Which or that: the ongoing debate (and a Brit-Yank divider?)


I stumbled on something interesting in the Oxford English Dictionary. It contradicts itself on the subject of which and that, using the relative pronoun which in a definition for which it (the OED) — in its own definitions of which and that — prescribes that. This seems to be symptomatic of a larger ongoing debate about the two relative pronouns that divides not just individual grammar commentators (both lay and professional) but also, apparently, two nations.

First, here’s a brief primer on the original (but now sometimes disputed or diluted) difference between which and that. According to the dictionary mentioned above — specifically the New Shorter Oxford English Dictionary (the 1993 edition): which (when used as a relative pronoun) is defined as “introducing a clause describing or stating something additional about the antecedent, the sense of the main clause being complete without the relative clause.” The same dictionary gives the relative pronoun that a different role in the sentence, “introducing a clause defining or restricting the antecedent, especially a clause essential to the identification of the antecedent (and thus completing its sense).”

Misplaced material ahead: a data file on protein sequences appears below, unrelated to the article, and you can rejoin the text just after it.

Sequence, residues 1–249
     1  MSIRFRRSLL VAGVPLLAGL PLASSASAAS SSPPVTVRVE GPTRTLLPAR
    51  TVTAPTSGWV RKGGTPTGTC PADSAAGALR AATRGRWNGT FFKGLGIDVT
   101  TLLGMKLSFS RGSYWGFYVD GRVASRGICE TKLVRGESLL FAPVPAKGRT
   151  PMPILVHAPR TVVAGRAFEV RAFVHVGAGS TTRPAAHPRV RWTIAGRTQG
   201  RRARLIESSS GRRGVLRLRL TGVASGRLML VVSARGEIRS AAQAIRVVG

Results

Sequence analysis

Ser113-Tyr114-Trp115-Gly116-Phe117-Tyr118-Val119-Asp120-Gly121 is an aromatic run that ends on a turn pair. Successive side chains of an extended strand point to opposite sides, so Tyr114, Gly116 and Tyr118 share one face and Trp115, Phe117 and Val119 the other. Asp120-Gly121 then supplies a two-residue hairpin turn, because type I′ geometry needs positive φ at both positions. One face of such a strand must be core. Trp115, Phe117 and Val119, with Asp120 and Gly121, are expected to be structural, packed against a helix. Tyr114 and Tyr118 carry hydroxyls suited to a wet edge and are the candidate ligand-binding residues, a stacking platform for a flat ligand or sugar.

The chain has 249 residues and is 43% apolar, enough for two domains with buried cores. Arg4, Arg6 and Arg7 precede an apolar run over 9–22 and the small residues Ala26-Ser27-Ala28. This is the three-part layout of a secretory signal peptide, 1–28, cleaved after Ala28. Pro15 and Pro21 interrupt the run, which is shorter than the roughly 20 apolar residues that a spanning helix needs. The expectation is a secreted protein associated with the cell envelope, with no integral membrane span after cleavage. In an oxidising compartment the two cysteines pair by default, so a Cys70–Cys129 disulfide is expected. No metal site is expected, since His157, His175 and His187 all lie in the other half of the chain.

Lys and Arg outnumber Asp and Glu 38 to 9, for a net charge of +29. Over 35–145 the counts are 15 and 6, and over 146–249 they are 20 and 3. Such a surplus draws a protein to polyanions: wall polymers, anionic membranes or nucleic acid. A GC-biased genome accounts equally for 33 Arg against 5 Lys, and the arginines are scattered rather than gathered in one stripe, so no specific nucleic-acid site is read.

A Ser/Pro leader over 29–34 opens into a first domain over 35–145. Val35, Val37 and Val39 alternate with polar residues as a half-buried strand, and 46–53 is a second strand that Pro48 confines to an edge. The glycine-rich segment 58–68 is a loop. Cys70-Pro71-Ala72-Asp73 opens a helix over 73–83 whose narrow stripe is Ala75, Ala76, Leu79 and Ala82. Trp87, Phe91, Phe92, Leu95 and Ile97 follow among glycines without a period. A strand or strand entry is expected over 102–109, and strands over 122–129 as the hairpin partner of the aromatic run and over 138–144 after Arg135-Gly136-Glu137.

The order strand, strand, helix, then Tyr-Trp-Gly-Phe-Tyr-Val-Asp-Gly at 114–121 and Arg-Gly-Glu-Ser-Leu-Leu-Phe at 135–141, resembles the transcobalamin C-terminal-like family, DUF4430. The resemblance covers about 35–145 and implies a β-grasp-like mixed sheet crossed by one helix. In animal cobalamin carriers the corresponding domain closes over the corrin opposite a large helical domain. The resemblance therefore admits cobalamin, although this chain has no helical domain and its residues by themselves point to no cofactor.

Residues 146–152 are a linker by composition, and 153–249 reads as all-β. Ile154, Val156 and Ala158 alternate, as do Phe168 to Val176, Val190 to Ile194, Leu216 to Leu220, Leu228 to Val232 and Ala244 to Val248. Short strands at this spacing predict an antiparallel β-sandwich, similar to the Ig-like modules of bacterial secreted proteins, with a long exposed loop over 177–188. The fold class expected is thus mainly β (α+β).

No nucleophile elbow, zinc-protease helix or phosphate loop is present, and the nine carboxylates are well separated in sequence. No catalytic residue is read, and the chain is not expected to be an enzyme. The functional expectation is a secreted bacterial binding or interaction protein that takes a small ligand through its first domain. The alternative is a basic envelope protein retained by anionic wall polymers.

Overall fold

An earlier Glossophilia post explains and illustrates this difference a little more simply: “‘That’ … qualifies or identifies the noun preceding it, pinpointing which one of two or more nouns is being referred to. ‘Which’ … simply adds extra but non-identifying information about the preceding noun. A good rule of thumb is this: if the that/which clause can be taken away and you still understand the reference, it must be a which. If you take it away and you’re unsure about what is being referenced, it must be a that.” (See the earlier post for examples.)

Now let’s go to the iffy definition in question: here is the noun prequel defined by the NSOED quoted above:

“A book, film, etc., portraying events which precede those of an existing work.”


According to its own definition of which, the “which clause” presented here about prequel (“which precede those of an existing work”) should be additional to the main clause (“a book, film, etc., portraying events”) and the sense of that main clause should be complete without it. So, technically, “a book, film, etc., portraying events” should stand alone as a complete and understandable clause in its own right. Hmmm … I don’t think so. That second clause is absolutely necessary to complete the definition, and therefore should be started by the word that, which (according to the OED, as noted above) introduces a clause “essential to the identification of the antecedent (and thus completing its sense)”. The definition should therefore read: “A book, film, etc., portraying events that precede those of an existing work.” At least that’s as prescribed by the historical/original respective uses of which and that, which have in the last century become rather murky — especially on the eastern side of the Atlantic.